One of my favorite concepts in ecopsychology is that of the ecological self. It originated with deep ecology, the philosophy founded by Arne Næss that encourages us to see ourselves as one of many parts of a vibrant global ecosystem and to value all of nature for itself rather than for what we can use it for. The ecological self is who we are when we see ourselves as interwoven with the rest of life. More importantly, the ecological self is altruistic, with a deep-seated need to care for and protect all life, not just human aims.
Most of us in the United States were raised with the idea that humans are at the top of an ecological pyramid; some of us even grew up learning that we have dominion over the entire planet and that it was made specifically for us. Unfortunately this power-over approach has led us to severely damage ecosystems, even in the most remote parts of the planet. We’ve polluted the air, water and soil, caused numerous species to go extinct, and even threaten our own health and happiness in spite of our supposed superiority.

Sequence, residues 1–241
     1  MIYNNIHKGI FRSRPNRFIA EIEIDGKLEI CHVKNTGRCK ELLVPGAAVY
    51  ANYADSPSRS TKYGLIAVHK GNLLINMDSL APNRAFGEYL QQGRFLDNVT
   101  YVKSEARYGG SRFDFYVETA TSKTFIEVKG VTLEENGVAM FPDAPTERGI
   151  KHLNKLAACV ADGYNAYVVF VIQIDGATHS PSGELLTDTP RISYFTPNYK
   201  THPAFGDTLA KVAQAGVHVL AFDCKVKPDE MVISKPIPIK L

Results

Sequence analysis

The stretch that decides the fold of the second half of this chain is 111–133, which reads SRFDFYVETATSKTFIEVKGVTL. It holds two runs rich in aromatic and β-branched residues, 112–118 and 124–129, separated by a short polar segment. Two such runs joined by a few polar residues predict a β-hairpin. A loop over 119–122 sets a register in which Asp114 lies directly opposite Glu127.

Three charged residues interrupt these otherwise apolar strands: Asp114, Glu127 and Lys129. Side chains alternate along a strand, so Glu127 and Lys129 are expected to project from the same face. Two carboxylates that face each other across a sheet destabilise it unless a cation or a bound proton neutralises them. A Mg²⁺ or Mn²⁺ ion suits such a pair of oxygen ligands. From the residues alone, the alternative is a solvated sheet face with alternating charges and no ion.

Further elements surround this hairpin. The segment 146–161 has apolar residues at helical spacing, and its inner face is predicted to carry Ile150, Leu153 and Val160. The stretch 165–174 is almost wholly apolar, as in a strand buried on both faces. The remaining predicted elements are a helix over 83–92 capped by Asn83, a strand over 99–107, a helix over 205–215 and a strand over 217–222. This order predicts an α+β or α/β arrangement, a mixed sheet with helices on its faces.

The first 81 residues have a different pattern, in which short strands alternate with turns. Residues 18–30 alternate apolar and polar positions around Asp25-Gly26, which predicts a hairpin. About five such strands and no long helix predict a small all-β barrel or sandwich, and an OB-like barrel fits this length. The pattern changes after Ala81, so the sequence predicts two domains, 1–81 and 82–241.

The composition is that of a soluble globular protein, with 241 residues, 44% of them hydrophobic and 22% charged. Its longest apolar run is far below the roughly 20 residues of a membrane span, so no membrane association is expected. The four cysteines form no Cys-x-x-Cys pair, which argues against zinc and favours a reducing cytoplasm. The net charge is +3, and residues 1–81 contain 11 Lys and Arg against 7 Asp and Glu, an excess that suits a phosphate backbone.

Yet we also yearn for a connection with nature.